As I approached the stadium, the image of a battleship came to mind. The tall, gray superstructure exudes that same type of impressive power. Inside, the vast network of visible steel beams that supports the upper decks just reinforces the initial image of unyielding strength.
Beaver Stadium holds 107,282 fans on game day, just behind Michigan's Big House, which leads the college football ranks with a capacity of 109,901. (Guess the other stadiums with 100K capacity.) Penn State is known for occasionally orchestrating "whiteouts" for big rivalry games, in which fans are encouraged to wear that color and no other. It's an amazing sight that takes place a couple of times a season.
This day's opponent, Northwestern, apparently didn't warrant that type of attention, so the stadium was a motley collection of high school letterman jackets, replica jerseys, and the camouflage and safety orange of early-rising deer hunters. More visible in the crowd were the man in the blue-and-white terry cloth bathrobe, the Elvis impersonator in the shiny suit, and the handful of men and women wearing JoePa's trademark tie and glasses as an homage.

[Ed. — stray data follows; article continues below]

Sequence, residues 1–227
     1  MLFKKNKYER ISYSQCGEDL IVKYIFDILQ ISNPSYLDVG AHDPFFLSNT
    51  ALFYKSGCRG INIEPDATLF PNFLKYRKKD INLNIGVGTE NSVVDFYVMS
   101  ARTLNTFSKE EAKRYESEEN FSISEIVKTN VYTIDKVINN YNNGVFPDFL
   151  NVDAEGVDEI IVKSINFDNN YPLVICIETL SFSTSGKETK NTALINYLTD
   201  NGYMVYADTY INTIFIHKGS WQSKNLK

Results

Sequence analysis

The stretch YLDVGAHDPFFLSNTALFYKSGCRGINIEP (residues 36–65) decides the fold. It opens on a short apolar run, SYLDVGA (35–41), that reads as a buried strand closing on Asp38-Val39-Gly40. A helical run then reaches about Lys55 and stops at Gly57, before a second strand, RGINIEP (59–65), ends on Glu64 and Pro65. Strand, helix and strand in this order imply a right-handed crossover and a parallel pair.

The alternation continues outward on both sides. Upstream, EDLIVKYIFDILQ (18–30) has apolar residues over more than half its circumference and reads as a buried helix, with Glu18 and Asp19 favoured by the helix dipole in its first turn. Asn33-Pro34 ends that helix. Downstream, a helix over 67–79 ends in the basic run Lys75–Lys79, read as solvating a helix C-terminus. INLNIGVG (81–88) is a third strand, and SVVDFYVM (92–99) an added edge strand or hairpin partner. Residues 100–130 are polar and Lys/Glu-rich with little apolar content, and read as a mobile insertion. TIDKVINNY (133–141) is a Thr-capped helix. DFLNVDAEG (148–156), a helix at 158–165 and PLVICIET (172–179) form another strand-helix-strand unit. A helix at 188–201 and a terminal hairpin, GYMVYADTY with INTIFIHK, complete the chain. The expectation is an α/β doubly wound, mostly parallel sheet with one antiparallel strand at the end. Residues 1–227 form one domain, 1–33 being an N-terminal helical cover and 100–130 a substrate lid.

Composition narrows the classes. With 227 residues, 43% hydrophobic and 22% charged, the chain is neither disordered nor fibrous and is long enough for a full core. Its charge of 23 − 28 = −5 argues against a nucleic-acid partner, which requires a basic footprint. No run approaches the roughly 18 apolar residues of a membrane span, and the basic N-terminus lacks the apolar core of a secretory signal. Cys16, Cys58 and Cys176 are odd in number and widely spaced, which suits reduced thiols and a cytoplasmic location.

Beaver Stadium wasn't always this big. First built in a horseshoe configuration that seated a shade more than 46,000 in 1960, the edifice underwent frequent renovations that brought capacity up to 60,203 by the nation's bicentennial year. In 1978, the stadium actually was jacked up eight feet into the air in order to add retrofitted support for 16,000 more seats. A 2001 expansion brought the building up to its current massive size.
Transferring that many people from the parking lots and open field is not an exact science, but the stands were mostly full by the time the band spelled out P-S-U on the turf. Students, perhaps reluctant to enter the alcohol-free environs of the field early, took their time filling in the southeastern end of the stadium. That corner, reserved for juniors and seniors, was where I found an extremely spirited group of fans who weren't about to miss a minute of play.
A group of young women in the upper deck celebrated Penn State football with one boisterous voice, cheering in unison whether the rest of the stadium joined in or not.